So now the Padres trailed 4-3 with first and third, two outs in the ninth inning, and Tony Gwynn coming up against Fossas, who had held Gwynn hitless in five previous at-bats. Gwynn was in a 7-for-37 slump. The drama made for a cool moment.

And even cooler was what happened. Tony Gwynn hit a walk-off three-run home run on a hanging curveball, scoring his brother in front of him. It was Gwynn’s first home run of the season and he struggled to make it around the bases on his bad heel. He credited the failure in the previous at bat with getting him righted for this one.

“Even though Tony is hurting, we couldn’t have had a better guy up there,” Bochy said.

The 1996 season was an injury-plagued one for Gwynn. But he still hit. He batted .353 and won his third of four straight batting titles.

When I was prepping Tony Gwynn for his first game broadcast, I thought it was important that the rest of the broadcast crew knew as much about Tony as possible. So I stuffed as much bio information about Gwynn into each of the envelopes for the members of the broadcast crew. And then I stuck one in Gwynn’s envelope too.

So I was rather amused when I was reading a newspaper a few days later and saw (paraphrasing) this comment from Gwynn:

‘They sent me a packet with a lot of information about me. I know about me. I want to know about everyone else!’

For the record, I checked – there was no malicious intent on Tony’s part. And I think it’s cool to say I got called out by a Hall of Famer. 🙂

Lou Whitaker was master of the walk-off comeback hit

In the last 50 years, 2 players have 7 regular season walk-off hits that came when his team was trailing. Those are what we could call “walk-off comeback hits.”

I think it’s pretty cool that the players were teammates for a time – Lou Whitaker and Kirk Gibson.

I’m going to focus on Whitaker and save Gibson for another time, because of the pertinence with the recent Hall of Fame election. Whitaker is a highly-worthy candidate for induction. He’s not a perfect candidate, but he’s quite good and compares favorably to other second basemen both historically and within his era.

And he has the added bonus of being awesome at walk-offs.

Whitaker totaled 20 walk-off RBIs in a 19-year career that spanned nearly 10,000 plate appearances. And as noted, he had seven walk-off RBIs in situations in which his team trailed at the time of the plate appearance.

What’s amazing about Whitaker’s seven is how he clustered them. He had three as a rookie in 1978 and three in the final two seasons of his career.

I like his last walk-off hit because it was the last of the 2,369 hits recorded in his major league career.

It came on September 13 1995 in a game against the Brewers. The game itself was relatively meaningless. Neither the Tigers nor the Brewers were anywhere close to the division lead (the Brewers were on the outer edge of the Wild Card race). There were fewer than 9,000 fans in the stands on a Wednesday afternoon, a few weeks before the season was set to end. Whitaker and Trammell each got a rare start as it seemed to be known their time was coming to an end.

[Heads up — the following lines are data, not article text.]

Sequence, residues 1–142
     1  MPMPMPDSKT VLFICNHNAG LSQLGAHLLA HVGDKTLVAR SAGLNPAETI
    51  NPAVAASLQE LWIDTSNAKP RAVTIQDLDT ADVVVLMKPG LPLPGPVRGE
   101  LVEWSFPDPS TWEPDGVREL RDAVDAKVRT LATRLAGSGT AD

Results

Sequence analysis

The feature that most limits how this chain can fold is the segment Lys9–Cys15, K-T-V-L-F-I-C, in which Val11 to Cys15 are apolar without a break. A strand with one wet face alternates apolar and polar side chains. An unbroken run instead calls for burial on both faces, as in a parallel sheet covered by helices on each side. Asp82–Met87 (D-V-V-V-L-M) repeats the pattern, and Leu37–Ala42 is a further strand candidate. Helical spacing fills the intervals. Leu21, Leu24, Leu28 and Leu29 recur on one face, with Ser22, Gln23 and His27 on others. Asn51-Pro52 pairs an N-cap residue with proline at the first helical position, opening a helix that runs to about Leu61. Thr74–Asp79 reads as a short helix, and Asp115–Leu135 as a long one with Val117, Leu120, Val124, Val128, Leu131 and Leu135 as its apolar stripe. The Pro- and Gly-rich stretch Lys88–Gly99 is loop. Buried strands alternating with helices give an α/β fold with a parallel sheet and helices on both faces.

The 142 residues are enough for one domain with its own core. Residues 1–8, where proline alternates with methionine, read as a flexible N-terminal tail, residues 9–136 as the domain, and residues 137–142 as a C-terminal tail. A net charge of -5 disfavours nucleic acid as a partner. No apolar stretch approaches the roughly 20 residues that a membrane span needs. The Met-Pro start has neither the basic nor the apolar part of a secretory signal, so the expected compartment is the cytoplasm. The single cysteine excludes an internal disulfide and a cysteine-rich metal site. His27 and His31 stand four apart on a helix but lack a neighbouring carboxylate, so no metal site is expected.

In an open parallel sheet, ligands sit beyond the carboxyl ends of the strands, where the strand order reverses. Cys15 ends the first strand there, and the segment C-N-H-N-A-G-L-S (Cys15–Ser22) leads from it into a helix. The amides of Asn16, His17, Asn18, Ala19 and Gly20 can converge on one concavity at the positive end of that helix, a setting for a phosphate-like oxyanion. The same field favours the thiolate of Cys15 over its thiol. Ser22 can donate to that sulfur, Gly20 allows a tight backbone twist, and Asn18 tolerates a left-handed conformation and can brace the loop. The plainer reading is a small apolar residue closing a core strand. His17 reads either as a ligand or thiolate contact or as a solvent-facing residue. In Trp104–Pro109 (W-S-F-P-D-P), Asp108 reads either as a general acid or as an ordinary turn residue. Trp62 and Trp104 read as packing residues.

But this was a sentimental day of sorts, one in which Whitaker and Alan Trammell played in their 1,915th game as teammates, breaking an AL mark set by George Brett and Frank White. “We’ve been together longer than lots of husbands and wives,” Whitaker told reporters.

The Brewers took a 3-1 lead in the seventh inning when David Hulse hit a two-run home run. Phil Nevin got a run back in the home half when he homered, but the Tigers failed to tie after putting runners on first and second with nobody out.

The score remained 3-2 going into the home ninth. Nevin led off with a single against Mike Fetters. John Flaherty got down a successful bunt to push pinch-runner Todd Steverson to second base. Chad Curtis walked on a 3-2 pitch to bring Whitaker to the plate.

It didn’t take long for the game to be resolved. Whitaker hit a three-run home run into the second deck in right field.

“I was just hoping I remembered what to do out there,” Whitaker told reporters.

The front page headline of the Detroit Free Press sports section got it right.

“SWEET!”

Lou Whitaker Minutiae
– Whitaker hit eight walk-off home runs. Baseball-Reference.com’s Play Index dates to 1925. Whitaker has the most of any Tigers player in that span.

One more unusual Yankees-Red Sox walk-off

Alright, let’s do one more from the weird walk-offs file in the Yankees-Red Sox rivalry.

The Yankees-Red Sox game on September 28, 1987 was a doozy. A meaningless doozy, but a doozy nonetheless. Neither team was in the race for the division lead. Based on my reading of the next day’s newspapers, it’s safe to say both squads were playing out the string.

The Red Sox scored five runs in the top of the first inning, and neither team would have probably minded if the game had stopped right there. Attendance was sparse, at least per the Boston Globe which likened it to a crowd from the Horace Clarke 1960s days. Mike Greenwell doubled in two runs. Jody Reed tripled in three. After Sam Horn homered in the fourth inning, the score was 7-0 Red Sox.